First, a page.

- Play with objects begins in the first few months when babies are able to grasp and hold objects. They start by rubbing objects, hitting them, dropping them… until later they manage to order them, classify them, make constructions with them, etc. These are activities that serve as mechanisms for exploring the world around them.
- The symbolic game, which appears between the ages of 2 and 3, is focused on the use of symbolic systems such as language, reading, drawing or music and favors the development of abilities to reflect on experiences, emotions, etc.
- Pretend or fictional play , in which objects are transformed to represent others (a broom represents a horse, a finger acts as a gun…), appears around the first year and is a way of developing abstract thinking, for which has implications for their future cognitive, social and academic abilities.
- Rule games range from outdoor games, such as hide-and-seek or sports activities, to board or electronic games. These games allow developing an understanding of the rules and aspects of social life such as taking turns, sharing or understanding the perspectives of others.
Cities and the great outdoors
In recent decades, and due to the progressive incorporation of a large part of the population into cities, there has been a constant decline in face-to-face, traditional, and outdoor games in favor of structured games, organized sports, and extracurricular activities. For this reason, some research suggests that children play less today than decades ago.
There is also an increase in technology-based games (video games, virtual and augmented reality). As a curious note, despite their detractors, it has been observed that these games provide necessary skills that respond to the characteristics of technological societies (agility in decision-making, problem solving, etc.).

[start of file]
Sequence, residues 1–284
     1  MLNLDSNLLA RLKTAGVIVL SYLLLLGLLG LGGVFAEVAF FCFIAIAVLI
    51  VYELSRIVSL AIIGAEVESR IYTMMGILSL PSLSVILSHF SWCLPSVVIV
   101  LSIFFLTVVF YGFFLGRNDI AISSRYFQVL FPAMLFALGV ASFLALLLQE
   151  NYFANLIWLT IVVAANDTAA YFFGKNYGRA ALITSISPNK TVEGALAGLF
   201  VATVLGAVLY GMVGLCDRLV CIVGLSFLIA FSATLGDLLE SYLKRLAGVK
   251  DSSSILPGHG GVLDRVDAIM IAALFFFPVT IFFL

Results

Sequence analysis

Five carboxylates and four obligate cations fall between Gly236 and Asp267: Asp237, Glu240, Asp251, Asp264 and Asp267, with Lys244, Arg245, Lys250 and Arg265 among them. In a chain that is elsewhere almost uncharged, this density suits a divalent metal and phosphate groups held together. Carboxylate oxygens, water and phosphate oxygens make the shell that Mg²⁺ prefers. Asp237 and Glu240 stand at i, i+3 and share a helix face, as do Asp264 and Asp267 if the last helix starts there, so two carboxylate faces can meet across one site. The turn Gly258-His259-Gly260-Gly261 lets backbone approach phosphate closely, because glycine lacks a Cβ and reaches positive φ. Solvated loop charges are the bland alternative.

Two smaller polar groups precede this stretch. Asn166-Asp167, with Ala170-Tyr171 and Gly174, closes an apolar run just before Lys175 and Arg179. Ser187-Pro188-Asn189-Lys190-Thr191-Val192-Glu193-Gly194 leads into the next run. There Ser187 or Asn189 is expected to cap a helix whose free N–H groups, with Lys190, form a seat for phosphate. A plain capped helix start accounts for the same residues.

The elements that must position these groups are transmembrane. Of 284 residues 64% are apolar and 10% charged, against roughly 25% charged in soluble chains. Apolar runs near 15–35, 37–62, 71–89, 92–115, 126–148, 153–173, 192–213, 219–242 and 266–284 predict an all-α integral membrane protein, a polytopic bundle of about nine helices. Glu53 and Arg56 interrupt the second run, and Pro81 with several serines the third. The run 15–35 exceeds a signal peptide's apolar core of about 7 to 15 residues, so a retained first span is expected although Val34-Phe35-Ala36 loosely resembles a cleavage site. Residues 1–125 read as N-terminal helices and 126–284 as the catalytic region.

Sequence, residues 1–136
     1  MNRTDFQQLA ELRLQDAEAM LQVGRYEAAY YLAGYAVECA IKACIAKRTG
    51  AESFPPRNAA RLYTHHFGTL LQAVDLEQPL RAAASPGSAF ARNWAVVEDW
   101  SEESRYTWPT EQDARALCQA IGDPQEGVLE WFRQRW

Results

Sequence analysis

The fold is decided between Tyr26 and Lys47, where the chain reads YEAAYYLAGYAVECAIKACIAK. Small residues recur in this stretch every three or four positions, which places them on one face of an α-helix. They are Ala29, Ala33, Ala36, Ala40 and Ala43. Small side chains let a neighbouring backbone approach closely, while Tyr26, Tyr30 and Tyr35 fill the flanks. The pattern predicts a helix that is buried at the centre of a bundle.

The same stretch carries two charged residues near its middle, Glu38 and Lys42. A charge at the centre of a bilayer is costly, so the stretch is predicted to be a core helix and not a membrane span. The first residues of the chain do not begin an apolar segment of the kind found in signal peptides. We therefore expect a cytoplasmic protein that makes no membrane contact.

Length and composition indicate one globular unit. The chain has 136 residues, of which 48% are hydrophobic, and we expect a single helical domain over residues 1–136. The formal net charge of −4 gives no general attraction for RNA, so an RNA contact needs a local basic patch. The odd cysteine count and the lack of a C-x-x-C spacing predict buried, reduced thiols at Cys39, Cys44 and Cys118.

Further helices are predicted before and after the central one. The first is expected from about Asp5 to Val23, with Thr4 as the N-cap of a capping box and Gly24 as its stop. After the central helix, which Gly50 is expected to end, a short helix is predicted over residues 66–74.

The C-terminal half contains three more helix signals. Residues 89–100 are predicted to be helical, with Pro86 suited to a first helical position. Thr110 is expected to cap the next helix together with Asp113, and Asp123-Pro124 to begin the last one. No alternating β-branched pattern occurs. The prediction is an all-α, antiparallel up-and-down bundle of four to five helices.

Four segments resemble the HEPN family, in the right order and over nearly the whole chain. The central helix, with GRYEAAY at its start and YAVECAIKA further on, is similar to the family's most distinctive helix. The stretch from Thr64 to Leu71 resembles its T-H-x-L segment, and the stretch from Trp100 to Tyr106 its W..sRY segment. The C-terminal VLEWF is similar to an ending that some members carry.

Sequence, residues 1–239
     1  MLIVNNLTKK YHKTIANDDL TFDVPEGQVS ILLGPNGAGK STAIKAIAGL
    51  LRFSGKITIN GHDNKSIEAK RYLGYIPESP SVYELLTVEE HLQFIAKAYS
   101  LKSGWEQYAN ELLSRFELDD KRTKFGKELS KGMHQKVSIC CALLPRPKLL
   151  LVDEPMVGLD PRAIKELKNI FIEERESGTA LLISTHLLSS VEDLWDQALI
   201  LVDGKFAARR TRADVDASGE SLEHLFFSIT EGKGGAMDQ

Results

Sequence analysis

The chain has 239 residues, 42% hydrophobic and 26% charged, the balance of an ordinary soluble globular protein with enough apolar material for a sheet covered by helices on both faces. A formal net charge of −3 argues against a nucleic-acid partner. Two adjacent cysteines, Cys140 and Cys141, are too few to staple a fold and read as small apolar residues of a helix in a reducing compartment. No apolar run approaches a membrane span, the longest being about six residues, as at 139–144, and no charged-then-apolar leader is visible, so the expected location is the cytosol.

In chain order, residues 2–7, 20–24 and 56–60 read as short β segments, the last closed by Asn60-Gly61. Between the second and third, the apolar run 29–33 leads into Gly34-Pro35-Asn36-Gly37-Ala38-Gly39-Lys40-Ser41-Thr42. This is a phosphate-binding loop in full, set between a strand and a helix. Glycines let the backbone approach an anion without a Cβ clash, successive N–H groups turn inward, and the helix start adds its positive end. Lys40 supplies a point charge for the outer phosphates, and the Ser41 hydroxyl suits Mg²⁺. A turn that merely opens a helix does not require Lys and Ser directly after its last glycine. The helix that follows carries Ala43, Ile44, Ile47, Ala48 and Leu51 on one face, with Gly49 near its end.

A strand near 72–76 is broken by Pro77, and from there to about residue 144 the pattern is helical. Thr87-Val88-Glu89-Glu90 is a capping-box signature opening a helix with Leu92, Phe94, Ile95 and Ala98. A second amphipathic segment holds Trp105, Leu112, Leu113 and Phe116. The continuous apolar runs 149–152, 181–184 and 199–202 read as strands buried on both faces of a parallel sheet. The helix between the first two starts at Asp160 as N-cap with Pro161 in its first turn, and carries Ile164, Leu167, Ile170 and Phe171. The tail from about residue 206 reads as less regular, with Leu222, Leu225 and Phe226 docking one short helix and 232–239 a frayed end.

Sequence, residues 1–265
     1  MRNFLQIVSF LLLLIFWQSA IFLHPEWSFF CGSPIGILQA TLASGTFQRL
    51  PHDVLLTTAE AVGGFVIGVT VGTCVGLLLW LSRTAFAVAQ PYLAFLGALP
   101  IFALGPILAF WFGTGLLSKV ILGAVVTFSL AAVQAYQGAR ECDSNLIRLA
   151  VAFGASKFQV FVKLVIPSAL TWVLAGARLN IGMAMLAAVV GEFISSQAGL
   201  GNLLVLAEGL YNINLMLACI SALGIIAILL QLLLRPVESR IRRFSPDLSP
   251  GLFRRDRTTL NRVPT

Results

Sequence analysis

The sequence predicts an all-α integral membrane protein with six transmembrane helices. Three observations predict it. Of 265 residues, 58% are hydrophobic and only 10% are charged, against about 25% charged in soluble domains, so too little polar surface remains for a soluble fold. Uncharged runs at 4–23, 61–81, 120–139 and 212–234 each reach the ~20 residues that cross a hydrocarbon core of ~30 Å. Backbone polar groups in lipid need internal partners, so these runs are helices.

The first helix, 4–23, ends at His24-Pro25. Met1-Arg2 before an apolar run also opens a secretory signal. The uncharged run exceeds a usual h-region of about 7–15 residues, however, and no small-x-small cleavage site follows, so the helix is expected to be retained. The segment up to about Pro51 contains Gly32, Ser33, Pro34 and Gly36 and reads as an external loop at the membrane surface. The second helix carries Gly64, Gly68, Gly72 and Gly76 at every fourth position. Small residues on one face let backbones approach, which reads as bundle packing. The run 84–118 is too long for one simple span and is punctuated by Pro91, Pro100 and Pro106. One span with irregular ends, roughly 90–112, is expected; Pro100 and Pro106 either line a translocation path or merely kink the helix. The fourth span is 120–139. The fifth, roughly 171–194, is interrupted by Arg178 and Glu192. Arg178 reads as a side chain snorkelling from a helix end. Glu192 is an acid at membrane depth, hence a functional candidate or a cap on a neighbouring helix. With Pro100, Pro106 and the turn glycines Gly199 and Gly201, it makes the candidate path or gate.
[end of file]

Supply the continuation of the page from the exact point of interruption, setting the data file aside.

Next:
Play for a lifetime?
Regarding its implications for learning, the game is an essential children’s activity that contributes positively and can be used as a pedagogical tool by parents and teachers due to its motivating, fun and pleasant nature.
In this line, in educational contexts game dynamics such as gamification are applied , with the aim of involving students in school tasks, engaging them in learning processes and improving their performance .
Human adults continue to preserve these behaviors that in other species only define infant members. Regardless of age, play plays an important role in people’s lives, being for some a way of training and practicing new skills and behaviors in a safe environment, while for others it is a way of promoting social interaction and connection with others. In general, gaming can have several mental and physical health benefits, such as reducing stress, improving creativity, and problem solving.
In short, play is not just an activity for children, but it can be an important part of life for people of all ages. The potentialities of the game are at the base of the development of higher order problem-solving, cognitive and socio-emotional capacities developed by human beings.
Play is necessary to reach our full human condition, which is why it is rightly recognized by the UN not only as an opportunity but also as a right for children .
Author Bio: Angeles Conde Rodriguez is Associate Professor of Evolutionary and Educational Psychology at the University of Vigo